Wednesday, September 10, 2008

Woking Out

I'm so far behind on blogging it's not even funny, but I have a few posts in queue that I will finish as I have time. These photos were taken a few weeks ago, and document my experimentation with Thai cooking over a charcoal fire. I use hardwood lump charcoal that basically resembles partially burnt blocks of wood. They have several advantages which include being easy to light, burning hotter, lacking chemical additives, and they make a cool clinking sound when you pour them out of the bag. The downside is that they are more expensive than briquettes and burn up much more quickly.

Whenever I need to ignite a small to medium size batch of coals, I turn to my chimney starter. It's a very simple device that suspends coals in a tube over a single sheet of burning newspaper. In about fifteen minutes, you have a container full of red hot coals to dump into your grill, sans the lighter fluid taste. In this case, I decided to put a small grate directly atop the chimney starter (to allow some airflow) and heat my wok directly on the grate. The heat was high enough to achieve "wok hei" or the "flavor of the wok." This can only be achieved over very intense heat, and is not always possible on a consumer gas range; not to mention it can cause more than a little smoke.

I decided to make Pad Se Ew again, and declare this experiment to be a success, although I can't take credit for it. I'm sure this has been done thousands of times before, and I've even seen Alton Brown cook with a wok over a turkey fryer. It was a bit of a pain to cart everything outside, but it was worth it not to have the house smell like a Thai kitchen for two days (not that it would necessarily be a bad thing). Now I just need to spring for a better wok!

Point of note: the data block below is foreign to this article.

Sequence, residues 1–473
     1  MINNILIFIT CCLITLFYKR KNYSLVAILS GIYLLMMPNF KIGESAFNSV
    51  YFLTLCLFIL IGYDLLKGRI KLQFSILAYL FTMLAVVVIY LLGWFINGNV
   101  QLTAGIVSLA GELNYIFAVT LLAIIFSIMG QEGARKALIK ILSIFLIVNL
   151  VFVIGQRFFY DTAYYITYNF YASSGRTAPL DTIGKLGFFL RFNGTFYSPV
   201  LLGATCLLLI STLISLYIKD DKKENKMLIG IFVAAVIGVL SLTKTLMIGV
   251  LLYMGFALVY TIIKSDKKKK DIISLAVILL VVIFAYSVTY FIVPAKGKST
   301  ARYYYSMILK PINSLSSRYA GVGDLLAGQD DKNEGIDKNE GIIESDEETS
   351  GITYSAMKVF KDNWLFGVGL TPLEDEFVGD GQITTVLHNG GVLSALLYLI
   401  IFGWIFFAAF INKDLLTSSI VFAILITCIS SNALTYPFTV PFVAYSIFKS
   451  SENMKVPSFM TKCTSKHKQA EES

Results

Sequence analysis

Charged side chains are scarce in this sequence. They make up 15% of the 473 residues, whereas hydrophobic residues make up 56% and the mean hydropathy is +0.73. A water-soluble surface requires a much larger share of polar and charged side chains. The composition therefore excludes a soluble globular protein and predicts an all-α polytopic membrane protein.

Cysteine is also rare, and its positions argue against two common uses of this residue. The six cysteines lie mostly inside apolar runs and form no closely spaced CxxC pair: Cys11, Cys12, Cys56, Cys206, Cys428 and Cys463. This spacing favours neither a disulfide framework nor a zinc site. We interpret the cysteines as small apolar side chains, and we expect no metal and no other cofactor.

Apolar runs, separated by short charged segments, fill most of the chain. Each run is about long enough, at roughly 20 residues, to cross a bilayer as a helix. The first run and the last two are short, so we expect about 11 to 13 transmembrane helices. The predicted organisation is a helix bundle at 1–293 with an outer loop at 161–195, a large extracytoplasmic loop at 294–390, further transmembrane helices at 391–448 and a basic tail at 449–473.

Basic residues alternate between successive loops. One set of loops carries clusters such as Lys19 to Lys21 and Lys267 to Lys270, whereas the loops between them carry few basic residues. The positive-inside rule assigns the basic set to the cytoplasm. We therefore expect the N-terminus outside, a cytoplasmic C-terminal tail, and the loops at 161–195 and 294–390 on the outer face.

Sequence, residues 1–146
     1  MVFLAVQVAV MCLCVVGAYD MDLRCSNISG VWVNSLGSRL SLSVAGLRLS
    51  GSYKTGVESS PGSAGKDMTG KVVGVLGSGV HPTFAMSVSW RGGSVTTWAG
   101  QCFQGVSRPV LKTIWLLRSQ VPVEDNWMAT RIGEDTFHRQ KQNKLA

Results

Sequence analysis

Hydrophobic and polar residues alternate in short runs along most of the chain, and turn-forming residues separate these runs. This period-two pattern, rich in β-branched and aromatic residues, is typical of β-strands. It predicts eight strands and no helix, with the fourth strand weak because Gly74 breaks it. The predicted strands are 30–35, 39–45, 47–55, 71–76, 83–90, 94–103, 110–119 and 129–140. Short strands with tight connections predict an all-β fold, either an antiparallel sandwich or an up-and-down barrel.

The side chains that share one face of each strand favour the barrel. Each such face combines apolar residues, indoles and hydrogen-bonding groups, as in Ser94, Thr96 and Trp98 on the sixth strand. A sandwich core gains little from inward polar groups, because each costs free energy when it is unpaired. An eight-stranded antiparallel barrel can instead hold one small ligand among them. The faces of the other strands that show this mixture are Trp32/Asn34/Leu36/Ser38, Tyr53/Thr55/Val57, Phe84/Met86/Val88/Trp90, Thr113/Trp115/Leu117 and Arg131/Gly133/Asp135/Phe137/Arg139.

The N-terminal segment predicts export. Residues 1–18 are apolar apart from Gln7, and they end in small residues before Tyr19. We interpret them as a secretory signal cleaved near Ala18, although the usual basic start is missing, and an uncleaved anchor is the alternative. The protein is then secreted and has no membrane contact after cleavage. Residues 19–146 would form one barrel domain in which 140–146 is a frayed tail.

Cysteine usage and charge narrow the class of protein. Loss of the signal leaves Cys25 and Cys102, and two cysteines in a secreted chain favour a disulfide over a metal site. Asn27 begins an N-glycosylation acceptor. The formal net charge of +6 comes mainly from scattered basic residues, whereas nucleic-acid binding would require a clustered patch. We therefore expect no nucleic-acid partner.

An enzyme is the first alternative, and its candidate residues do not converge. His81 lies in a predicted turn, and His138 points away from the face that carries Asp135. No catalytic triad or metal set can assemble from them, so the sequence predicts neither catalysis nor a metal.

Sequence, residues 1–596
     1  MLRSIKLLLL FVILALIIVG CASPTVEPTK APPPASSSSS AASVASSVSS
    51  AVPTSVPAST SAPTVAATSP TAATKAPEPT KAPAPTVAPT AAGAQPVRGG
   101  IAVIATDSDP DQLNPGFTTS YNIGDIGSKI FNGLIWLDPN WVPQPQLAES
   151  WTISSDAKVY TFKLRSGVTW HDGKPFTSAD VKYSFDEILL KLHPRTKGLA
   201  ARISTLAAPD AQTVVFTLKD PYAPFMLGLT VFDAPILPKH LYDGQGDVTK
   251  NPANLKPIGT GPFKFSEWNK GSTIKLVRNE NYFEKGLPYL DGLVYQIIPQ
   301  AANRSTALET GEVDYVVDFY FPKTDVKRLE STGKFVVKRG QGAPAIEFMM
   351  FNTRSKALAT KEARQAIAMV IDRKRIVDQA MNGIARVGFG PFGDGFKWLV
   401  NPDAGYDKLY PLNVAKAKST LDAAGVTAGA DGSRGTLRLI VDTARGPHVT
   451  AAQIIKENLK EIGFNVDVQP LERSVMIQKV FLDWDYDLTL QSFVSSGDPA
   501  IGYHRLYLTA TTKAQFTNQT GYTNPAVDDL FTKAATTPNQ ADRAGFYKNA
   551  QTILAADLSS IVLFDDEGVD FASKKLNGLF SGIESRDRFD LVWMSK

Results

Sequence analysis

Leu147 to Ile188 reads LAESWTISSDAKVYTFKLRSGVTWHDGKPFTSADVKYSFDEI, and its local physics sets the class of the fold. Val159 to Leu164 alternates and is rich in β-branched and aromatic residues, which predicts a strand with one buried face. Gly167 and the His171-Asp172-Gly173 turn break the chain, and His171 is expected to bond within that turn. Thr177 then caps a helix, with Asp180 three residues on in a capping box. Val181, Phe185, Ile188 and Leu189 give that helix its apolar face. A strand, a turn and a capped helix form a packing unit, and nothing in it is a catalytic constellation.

Lump Charcoal in a Chimney Starter

A REALLY hot wok

Seared Tofu - This kind of sear can only be done in a wok.

The Finished Pad Se EW


MH Media Online said...

What a fascinating post! I live in an apartment and have an electric hob, so a wok never stands even the remotest chance of getting as hot as this :-( The seared tofu looks great: the nearest I got was doing a "dry fry" last weekend and then soaking in a very thin marinade. I can recommend sweet sherry as a "thinner".. Thanks for sharing though - it's given me some ideas and I'll be coming back to see what else you've done.

Chef Kevin said...

Keith, my friend, have I got a surprise for you. In my possession, I have a huge wok (I'm guessing 28" across) that on rare occasion I place on top of my trusty Webber. I've done various mass quantities of "stir-fries", jambalaya. beef stew and seafood boils in it. We are simply going to have to get together and use this beast!

jmeesh said...

That is a hell of an idea, don't know why I have never tried it! Thanks Keith!


jfarm said...

You must like Pad Se Ew! It looks tasty.

Ken said...

I didn't realize that one of the keys to using a wok properly was to get it extremely hot. I like to stir-fry, but sometimes I wonder if I'm doing it right. Maybe you could do a blog on wok and stir-fry tips and good techniques.